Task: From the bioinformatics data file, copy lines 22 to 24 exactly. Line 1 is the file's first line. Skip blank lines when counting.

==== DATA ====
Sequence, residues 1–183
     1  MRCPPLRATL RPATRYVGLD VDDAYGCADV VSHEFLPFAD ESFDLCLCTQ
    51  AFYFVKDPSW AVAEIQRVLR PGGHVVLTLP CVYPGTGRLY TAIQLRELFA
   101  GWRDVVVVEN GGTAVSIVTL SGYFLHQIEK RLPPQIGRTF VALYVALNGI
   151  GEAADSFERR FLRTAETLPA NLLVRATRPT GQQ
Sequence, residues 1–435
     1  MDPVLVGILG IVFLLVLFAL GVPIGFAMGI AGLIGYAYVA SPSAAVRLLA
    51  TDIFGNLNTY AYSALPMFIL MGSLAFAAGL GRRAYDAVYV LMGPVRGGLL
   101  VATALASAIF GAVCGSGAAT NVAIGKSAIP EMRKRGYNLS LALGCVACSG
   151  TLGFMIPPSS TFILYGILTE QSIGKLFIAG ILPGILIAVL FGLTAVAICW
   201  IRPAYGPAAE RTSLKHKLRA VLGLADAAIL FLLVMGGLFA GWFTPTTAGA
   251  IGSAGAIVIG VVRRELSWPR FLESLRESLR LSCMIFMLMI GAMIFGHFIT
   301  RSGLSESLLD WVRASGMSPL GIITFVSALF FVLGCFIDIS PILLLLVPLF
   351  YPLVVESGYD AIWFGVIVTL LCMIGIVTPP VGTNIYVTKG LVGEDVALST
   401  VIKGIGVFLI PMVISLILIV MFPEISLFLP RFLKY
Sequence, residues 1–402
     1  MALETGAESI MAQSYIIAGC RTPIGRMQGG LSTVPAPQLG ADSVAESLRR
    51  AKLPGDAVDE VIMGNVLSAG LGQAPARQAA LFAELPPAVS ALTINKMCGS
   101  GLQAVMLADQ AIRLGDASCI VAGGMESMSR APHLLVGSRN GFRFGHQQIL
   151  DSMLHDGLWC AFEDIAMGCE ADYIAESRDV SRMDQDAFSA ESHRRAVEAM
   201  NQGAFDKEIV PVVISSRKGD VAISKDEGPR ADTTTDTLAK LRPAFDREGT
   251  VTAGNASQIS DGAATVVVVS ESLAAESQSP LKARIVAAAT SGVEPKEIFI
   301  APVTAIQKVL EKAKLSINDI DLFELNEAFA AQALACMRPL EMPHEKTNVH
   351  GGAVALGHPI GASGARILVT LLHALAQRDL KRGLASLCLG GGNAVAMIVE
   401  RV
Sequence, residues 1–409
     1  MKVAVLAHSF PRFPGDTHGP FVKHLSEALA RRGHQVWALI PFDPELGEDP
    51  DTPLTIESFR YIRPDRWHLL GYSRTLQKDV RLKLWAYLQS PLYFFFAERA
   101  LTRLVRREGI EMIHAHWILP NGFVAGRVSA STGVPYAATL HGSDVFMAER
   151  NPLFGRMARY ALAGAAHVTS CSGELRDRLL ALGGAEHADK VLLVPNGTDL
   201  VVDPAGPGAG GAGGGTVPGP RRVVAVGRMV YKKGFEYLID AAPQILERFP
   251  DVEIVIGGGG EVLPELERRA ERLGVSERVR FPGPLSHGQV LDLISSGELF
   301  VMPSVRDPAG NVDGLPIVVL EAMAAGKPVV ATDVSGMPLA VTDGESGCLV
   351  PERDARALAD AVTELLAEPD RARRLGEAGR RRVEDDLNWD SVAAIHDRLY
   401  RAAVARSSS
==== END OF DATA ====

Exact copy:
   251  VTAGNASQIS DGAATVVVVS ESLAAESQSP LKARIVAAAT SGVEPKEIFI
   301  APVTAIQKVL EKAKLSINDI DLFELNEAFA AQALACMRPL EMPHEKTNVH
   351  GGAVALGHPI GASGARILVT LLHALAQRDL KRGLASLCLG GGNAVAMIVE